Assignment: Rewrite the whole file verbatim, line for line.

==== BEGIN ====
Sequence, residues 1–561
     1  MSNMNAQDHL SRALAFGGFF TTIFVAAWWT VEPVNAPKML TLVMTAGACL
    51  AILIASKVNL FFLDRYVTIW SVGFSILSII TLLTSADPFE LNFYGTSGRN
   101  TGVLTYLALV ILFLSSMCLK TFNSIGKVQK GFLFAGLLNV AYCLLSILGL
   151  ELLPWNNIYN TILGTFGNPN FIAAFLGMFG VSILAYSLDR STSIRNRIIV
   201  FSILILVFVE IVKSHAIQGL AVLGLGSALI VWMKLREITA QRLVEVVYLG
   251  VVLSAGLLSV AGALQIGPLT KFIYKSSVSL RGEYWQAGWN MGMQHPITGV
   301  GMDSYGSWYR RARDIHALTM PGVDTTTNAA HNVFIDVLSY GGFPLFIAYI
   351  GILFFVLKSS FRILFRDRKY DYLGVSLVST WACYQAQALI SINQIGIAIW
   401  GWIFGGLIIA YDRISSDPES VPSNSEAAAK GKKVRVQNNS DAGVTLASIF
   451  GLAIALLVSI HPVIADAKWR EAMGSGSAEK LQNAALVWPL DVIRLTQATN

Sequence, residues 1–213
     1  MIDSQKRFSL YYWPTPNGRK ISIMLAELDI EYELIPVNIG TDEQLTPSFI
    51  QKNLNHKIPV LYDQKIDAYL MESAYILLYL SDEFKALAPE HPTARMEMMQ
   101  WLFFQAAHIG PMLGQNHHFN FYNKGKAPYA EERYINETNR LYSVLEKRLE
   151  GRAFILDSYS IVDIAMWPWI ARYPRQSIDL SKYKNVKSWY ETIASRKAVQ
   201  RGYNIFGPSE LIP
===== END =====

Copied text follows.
Sequence, residues 1–561
     1  MSNMNAQDHL SRALAFGGFF TTIFVAAWWT VEPVNAPKML TLVMTAGACL
    51  AILIASKVNL FFLDRYVTIW SVGFSILSII TLLTSADPFE LNFYGTSGRN
   101  TGVLTYLALV ILFLSSMCLK TFNSIGKVQK GFLFAGLLNV AYCLLSILGL
   151  ELLPWNNIYN TILGTFGNPN FIAAFLGMFG VSILAYSLDR STSIRNRIIV
   201  FSILILVFVE IVKSHAIQGL AVLGLGSALI VWMKLREITA QRLVEVVYLG
   251  VVLSAGLLSV AGALQIGPLT KFIYKSSVSL RGEYWQAGWN MGMQHPITGV
   301  GMDSYGSWYR RARDIHALTM PGVDTTTNAA HNVFIDVLSY GGFPLFIAYI
   351  GILFFVLKSS FRILFRDRKY DYLGVSLVST WACYQAQALI SINQIGIAIW
   401  GWIFGGLIIA YDRISSDPES VPSNSEAAAK GKKVRVQNNS DAGVTLASIF
   451  GLAIALLVSI HPVIADAKWR EAMGSGSAEK LQNAALVWPL DVIRLTQATN

Sequence, residues 1–213
     1  MIDSQKRFSL YYWPTPNGRK ISIMLAELDI EYELIPVNIG TDEQLTPSFI
    51  QKNLNHKIPV LYDQKIDAYL MESAYILLYL SDEFKALAPE HPTARMEMMQ
   101  WLFFQAAHIG PMLGQNHHFN FYNKGKAPYA EERYINETNR LYSVLEKRLE
   151  GRAFILDSYS IVDIAMWPWI ARYPRQSIDL SKYKNVKSWY ETIASRKAVQ
   201  RGYNIFGPSE LIP